Ameliorative Effects of Intranasal AntagomiR-125b in AD
Alzheimer's disease (AD) is a global public health crisis. Currently, there are no treatments to prevent or halt the disease. Given the precedence of chronic neuroinflammation in triggering AD-like neurodegeneration and an observed upregulation of NFkB-driven miRs i.e. mir-125b positively correlating with AD, silencing specific micro-RNA with antisense-microRNA (antagomir) to miR-125b was undertaken to evaluate its efficacy in ameliorating AD-like neurodegeneration in 5XFAD transgenic mice modeling AD.
This study evaluated therapeutic potential of intranasally (IN) delivered 2'-O-Methyl/locked nucleic acid (LNA)-modified antagomir 125b-5p (AM-125b) in correcting neurobehavioral outcomes in 5XFAD transgenic mice modeling AD.
5XFAD mice were intranasally administered with AM-125b (8 nMols/2μl/week) for 8 weeks. Controls received equal volume of nasally delivered saline-vehicle containing equal length 2'-O-Methyl/LNA modified scrambled nucleotides for the same duration. After confirming miR-125b-5p blocking ability of AM-125b using QRTPCR, ameliorative efficacy of intranasal AM-125b in improving spatial reference working memory and in reducing cerebral levels of total and oligomeric Aß, total and phospho-tau, and key inflammatory markers were evaluated using Y-maze and ELISA.
Results confirmed direct brain targeting of AM-125b after intranasal delivery. Intranasally delivered AM-125b significantly improved reference working memory (52-55% increased alterations between three arms, p < 0.0001) along with reduced cerebral levels of total and oligomeric Aß (2.1-2.5-fold reduction, all values, p < 0.0001), reduced total and phospho-tau (2.4-2.5-fold reduction, all values, p < 0.0001) and reduced inflammatory markers (2.2-2,3-fold reduction, all values, p < 0.0001).
Intranasally delivered AM-125b significantly improved neurobehavioral deficits in 5XFAD mice modeling AD.
Alzheimer's disease, AntagomiRs, Phospho-tau, Oligomeric Aß, Spatial Working Reference Memory
Aß: ß-amyloid; AD: Alzheimer's disease; AM: AntagomiR; APP: ß-amyloid precursor protein; BBB: Blood brain barrier; BCSFB: Blood cerebrospinal fluid barrier; IL-1ß: Interleukin-1ß; IN: Intranasal; LNA: Locked nucleic acid; Lts: Littermates; mRNA: Messenger ribonucleic acid; MCI: Mild cognitive impairment; miR/miRs: Micro RNA(s); NFkB: Nuclear factor kappa B; Nucleotide: nt; oAß: oligomeric ß-amyloid; 2'-O-ME: 2'-O-Methyl; PKR: Protein kinase ribonucleic acid activated protein; Phospho-tau: Phosphorylated tau protein; PSEN1: Presenilin1; QPCR: Quantitative polymerase chain reaction; ROS: Reactive oxygen species; RNA: Ribonucleic acid; TNFα: Tumor necrosis factor alpha; Tgs: Transgenic mice; 3'-Untranslated region: 3'UTR; YM: Y maze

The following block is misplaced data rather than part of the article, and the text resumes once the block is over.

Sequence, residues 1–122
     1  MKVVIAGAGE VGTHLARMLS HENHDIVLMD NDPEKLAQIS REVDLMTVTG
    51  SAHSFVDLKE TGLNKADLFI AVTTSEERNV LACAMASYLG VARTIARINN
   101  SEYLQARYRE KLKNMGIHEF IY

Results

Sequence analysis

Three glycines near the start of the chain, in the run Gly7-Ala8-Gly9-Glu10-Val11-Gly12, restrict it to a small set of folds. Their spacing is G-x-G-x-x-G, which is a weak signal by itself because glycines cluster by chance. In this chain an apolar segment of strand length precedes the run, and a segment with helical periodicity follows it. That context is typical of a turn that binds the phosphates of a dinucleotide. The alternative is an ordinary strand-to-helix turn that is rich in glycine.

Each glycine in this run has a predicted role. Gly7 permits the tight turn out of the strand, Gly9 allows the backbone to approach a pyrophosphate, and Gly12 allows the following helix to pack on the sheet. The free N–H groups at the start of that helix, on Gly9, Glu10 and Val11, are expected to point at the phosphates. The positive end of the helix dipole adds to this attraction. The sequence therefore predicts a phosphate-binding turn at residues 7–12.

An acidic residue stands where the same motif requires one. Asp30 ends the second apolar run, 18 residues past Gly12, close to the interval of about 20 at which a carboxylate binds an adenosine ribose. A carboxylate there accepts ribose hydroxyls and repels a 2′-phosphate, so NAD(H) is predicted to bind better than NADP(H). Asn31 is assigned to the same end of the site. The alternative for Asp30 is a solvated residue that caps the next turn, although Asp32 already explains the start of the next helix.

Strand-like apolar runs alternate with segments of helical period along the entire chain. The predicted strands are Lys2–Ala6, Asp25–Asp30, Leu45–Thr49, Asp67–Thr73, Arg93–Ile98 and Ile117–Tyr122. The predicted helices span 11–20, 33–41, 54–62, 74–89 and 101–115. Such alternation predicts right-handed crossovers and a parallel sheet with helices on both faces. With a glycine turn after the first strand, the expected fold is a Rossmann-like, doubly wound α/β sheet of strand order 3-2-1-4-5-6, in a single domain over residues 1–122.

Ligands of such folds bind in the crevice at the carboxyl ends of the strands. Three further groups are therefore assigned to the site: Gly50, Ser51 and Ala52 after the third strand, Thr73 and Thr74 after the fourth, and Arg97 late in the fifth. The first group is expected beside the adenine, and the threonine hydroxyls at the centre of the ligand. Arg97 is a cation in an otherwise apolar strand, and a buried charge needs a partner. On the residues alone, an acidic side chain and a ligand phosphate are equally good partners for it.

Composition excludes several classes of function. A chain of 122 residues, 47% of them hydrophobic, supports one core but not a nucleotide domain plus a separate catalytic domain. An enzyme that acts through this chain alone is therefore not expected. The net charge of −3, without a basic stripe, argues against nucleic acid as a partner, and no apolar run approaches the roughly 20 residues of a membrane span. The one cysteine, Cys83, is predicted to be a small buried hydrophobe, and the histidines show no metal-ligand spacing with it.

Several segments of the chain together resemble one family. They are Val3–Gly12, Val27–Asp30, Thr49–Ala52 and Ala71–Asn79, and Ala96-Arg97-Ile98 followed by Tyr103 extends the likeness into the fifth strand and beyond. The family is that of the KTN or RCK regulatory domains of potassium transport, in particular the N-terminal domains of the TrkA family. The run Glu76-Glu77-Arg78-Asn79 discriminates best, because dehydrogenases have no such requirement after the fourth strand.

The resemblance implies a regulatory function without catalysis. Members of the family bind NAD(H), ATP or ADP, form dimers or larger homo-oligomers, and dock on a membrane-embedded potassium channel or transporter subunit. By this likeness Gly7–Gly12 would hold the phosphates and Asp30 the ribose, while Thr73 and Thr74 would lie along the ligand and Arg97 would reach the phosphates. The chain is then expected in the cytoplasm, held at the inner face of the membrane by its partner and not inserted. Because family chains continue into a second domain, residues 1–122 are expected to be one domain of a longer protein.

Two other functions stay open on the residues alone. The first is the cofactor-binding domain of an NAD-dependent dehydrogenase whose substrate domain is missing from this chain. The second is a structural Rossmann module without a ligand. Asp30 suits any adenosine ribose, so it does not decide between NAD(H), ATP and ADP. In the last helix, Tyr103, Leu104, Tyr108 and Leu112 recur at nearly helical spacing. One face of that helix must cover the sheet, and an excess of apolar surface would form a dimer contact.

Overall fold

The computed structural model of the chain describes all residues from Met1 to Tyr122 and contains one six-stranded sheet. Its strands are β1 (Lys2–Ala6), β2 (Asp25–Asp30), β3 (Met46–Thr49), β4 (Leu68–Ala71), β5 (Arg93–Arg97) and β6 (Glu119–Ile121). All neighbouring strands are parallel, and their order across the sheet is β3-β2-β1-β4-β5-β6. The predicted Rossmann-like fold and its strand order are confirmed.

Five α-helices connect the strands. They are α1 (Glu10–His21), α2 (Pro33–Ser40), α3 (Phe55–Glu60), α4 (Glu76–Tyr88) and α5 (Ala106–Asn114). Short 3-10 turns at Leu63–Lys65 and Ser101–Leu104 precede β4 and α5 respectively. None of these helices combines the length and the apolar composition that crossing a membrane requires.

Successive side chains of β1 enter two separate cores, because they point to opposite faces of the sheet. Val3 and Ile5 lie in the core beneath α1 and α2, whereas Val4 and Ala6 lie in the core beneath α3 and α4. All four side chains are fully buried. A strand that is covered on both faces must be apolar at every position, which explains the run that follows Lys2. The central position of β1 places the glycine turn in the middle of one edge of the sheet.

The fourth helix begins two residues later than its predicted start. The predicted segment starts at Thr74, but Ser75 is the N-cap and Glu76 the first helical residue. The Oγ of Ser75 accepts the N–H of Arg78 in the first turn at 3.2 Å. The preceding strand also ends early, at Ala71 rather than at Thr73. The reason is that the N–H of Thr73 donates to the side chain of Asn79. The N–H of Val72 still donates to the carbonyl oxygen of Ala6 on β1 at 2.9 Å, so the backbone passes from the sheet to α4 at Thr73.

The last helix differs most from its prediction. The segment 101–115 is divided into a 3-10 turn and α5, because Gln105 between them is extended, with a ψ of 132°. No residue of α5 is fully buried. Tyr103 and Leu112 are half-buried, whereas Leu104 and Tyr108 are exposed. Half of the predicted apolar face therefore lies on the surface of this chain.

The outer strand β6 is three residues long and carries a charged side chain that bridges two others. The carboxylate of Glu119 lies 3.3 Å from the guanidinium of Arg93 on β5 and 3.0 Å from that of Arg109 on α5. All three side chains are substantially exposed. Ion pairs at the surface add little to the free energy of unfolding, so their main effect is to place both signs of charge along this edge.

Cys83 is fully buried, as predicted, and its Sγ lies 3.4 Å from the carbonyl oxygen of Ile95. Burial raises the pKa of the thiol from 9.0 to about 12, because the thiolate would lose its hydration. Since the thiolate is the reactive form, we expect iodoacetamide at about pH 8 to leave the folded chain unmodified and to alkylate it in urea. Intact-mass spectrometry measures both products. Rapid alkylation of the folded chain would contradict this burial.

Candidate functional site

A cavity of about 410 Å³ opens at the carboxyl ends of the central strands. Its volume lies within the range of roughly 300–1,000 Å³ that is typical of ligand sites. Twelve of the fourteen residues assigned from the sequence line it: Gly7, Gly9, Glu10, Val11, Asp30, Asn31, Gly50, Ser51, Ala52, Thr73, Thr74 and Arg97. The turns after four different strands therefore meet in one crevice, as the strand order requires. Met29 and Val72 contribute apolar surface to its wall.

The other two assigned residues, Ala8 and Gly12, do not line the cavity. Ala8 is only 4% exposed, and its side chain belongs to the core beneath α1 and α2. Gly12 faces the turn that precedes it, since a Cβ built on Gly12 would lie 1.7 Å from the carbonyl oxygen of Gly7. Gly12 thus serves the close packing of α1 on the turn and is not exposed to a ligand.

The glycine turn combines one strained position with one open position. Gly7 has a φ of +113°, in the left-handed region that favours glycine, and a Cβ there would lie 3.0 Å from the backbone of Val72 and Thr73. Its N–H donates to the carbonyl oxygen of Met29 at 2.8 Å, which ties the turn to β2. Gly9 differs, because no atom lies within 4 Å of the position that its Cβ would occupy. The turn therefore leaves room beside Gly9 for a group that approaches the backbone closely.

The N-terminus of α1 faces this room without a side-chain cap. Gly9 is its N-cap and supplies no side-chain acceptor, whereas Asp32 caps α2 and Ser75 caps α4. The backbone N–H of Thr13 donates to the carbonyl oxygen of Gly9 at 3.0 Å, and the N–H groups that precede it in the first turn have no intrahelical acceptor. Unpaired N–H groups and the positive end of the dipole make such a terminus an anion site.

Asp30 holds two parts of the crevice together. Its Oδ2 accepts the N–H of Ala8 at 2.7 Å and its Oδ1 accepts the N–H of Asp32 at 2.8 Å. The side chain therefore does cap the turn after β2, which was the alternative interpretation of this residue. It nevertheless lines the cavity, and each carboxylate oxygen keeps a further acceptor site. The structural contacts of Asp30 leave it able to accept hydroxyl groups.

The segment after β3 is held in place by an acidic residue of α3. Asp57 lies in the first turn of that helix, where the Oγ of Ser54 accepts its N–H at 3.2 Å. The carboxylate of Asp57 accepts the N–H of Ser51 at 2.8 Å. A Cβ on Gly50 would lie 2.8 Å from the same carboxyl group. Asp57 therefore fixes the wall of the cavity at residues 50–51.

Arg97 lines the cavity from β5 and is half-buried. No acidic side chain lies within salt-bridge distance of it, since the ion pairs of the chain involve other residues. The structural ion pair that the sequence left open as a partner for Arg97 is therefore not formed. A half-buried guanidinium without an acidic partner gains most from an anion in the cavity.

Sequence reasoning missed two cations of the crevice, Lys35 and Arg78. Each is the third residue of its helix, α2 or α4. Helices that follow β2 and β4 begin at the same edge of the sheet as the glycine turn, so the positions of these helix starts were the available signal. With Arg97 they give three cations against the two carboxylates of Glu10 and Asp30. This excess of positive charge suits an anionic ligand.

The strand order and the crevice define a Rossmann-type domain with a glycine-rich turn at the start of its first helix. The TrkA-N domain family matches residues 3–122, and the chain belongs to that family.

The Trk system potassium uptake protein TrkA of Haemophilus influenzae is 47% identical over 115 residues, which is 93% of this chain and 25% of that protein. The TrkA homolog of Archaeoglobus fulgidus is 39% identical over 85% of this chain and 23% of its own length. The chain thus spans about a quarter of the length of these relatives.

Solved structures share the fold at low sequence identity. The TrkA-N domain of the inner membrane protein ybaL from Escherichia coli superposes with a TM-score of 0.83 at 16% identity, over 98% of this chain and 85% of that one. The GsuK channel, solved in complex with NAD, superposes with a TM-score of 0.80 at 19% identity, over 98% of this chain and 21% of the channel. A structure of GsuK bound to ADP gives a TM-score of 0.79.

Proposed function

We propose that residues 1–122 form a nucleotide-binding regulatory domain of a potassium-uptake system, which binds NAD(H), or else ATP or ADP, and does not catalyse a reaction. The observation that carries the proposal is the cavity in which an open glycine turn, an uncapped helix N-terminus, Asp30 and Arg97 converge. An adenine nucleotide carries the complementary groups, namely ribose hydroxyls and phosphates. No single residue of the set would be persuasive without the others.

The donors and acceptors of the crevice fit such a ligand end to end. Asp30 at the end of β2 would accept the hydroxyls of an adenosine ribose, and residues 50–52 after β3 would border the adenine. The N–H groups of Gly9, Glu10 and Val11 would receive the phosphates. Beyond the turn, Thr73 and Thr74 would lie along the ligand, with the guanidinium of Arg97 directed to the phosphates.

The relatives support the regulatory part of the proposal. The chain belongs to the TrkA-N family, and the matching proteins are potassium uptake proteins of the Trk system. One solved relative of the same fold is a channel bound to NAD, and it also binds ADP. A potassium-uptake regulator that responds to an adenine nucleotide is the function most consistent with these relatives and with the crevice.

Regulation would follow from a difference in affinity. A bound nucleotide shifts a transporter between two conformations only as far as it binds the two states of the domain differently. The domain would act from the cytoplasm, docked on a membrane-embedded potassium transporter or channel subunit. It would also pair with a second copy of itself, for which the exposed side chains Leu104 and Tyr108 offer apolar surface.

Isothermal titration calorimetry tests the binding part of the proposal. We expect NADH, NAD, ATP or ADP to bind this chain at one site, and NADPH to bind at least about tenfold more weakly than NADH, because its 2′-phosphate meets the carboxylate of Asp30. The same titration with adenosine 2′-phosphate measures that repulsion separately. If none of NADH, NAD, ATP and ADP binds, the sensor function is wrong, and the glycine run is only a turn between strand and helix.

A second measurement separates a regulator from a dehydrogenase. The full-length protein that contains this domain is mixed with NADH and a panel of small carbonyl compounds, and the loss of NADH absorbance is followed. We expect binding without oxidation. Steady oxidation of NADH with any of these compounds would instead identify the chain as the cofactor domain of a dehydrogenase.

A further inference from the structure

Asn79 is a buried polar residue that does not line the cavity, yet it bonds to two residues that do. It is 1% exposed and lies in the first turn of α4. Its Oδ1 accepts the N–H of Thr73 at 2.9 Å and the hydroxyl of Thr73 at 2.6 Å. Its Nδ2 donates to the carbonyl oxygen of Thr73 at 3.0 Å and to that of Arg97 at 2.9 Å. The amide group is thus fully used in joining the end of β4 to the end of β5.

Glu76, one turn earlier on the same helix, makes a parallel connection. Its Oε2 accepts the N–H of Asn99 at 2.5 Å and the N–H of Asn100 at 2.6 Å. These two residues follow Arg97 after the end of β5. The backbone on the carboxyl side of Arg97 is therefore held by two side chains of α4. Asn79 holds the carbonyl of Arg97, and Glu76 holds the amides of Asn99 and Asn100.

Alzheimer's disease (AD) is a global public health crisis currently afflicting ~6 million Americans (and ~ 40 million people worldwide). By the middle of the century, these numbers will escalate to ~16 million Americans (and ~150 million people worldwide) suffering from AD, if breakthrough disease-modifying treatments are not discovered [1,2]. Currently, there are no treatments to prevent or halt the disease. There is a growing consensus that Alzheimer's is a multifactorial disease involving an interplay of many deregulated "aging" factors occurring much earlier than the actual onset of the disease , among which oxidative damage [4-6] constitutes one of the prime factors resulting from high energy requirement of brain with its modest anti-oxidant defense, and hence vulnerable to oxidative damage caused by reactive oxygen species (ROS) , along with chronic inflammation [8-10], cholinergic dysfunction [11-13], insulin resistance [14-16] and other factors. Recently, it has been implicated that increase in cerebral ß-amyloid (Aß) in the aging brain either due to reduced Aß clearance, influx of peripheral Aß due to blood brain barrier (BBB)/blood cerebrospinal fluid barrier (BCSFB) breach caused by age-related oxidative damage, inflammation-Protein kinase RNA activated protein (PKR) induced Aß formation , or Aß overproduction due to familial mutations, all result in cerebral Aß accumulation and tend to destroy synaptic integrity fundamental to cognitive decline observed in prodromal AD and/or mild cognitive impairment (MCI) . Oxidative stress and chronic neuroinflammation constitute the earliest biochemical changes in triggering AD . Emerging evidence indicates that each of these biochemical changes taking place early on in AD, are regulated by small non-coding microRNAs (miR/miRs) .